Considered one of the world’s most invasive species, Phytopthora cinnamomi is found around the world and lives in the soil and plant tissues. A root-infecting pathogen, it thrives in a wide range of hosts and can attack more than 4,000 plant species. In the United States, the phytopathogen’s first known attack more than 200 years ago led to the sudden death of native trees such as the American chestnut, Fraser fir and oaks. In Mexico, the pathogen started an epidemic when it attacked several oak species in 1987 that remains unabated. And in Australia, the government has listed P. cinnamomi as a “key threatening process to Australia’s biodiversity” as large tracts of native eucalyptus forest have been destroyed and hundreds of species of native plants face extinction.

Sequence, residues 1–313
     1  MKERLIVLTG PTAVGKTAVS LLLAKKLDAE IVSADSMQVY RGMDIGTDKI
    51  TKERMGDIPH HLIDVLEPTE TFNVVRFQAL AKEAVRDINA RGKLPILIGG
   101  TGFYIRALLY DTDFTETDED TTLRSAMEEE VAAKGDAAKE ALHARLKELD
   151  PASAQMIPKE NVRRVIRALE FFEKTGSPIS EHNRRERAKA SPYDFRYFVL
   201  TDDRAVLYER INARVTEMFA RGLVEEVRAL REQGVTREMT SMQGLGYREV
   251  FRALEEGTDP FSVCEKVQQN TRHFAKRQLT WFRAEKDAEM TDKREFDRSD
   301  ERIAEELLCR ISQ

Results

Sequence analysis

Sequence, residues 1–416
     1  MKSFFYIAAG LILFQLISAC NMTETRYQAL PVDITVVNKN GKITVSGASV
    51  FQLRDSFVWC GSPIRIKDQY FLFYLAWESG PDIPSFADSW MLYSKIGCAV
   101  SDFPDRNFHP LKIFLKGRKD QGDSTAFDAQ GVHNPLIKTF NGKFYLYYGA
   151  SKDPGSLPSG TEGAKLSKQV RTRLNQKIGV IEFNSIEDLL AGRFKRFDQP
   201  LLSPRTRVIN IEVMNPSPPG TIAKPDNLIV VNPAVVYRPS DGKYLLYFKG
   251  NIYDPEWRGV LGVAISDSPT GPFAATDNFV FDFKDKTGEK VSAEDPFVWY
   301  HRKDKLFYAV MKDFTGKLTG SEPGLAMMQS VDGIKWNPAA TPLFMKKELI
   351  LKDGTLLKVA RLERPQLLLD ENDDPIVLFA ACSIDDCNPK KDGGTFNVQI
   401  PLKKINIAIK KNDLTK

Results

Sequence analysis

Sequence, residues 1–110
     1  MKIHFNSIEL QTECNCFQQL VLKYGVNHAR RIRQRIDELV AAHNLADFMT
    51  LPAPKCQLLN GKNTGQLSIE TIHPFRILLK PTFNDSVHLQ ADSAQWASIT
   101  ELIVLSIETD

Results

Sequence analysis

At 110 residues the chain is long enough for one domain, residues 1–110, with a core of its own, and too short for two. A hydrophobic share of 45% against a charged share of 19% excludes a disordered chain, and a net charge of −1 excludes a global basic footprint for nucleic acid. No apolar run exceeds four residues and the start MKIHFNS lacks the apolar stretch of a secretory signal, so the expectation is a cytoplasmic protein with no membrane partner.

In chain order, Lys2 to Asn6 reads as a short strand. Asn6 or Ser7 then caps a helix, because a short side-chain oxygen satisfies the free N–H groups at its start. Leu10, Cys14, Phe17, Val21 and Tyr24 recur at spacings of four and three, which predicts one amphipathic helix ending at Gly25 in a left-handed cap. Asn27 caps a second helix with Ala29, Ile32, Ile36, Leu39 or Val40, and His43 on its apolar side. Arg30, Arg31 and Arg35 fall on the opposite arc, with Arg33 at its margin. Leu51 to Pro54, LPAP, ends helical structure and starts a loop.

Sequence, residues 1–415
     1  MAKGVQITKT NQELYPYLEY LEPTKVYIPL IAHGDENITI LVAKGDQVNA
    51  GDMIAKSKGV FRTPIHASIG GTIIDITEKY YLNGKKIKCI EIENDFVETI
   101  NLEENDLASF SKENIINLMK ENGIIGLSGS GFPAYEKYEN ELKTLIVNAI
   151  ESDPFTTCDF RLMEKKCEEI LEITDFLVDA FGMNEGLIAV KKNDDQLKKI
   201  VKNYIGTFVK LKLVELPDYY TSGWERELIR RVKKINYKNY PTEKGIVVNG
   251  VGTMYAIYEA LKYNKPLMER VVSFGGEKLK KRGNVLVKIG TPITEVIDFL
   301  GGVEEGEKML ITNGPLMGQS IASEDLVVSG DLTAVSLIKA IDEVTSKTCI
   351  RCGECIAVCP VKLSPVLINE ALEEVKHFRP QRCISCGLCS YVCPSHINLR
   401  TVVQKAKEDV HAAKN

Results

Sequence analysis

The pathogen’s widespread impact on both crops and plants in natural ecosystems worldwide affects the global carbon cycle. For example, forest products sequester roughly 15 percent of the total carbon emissions in the United States. By sequencing the genome of P. cinnamomi, researchers would gain a better understanding of this oomycete and be better equipped to study any changes in plant-pathogen relationships such as those resulting from climate change and the introduction into a region of foreign species.
Principal Investigators: Reeve, Wayne Murdoch University
Program: CSP 2010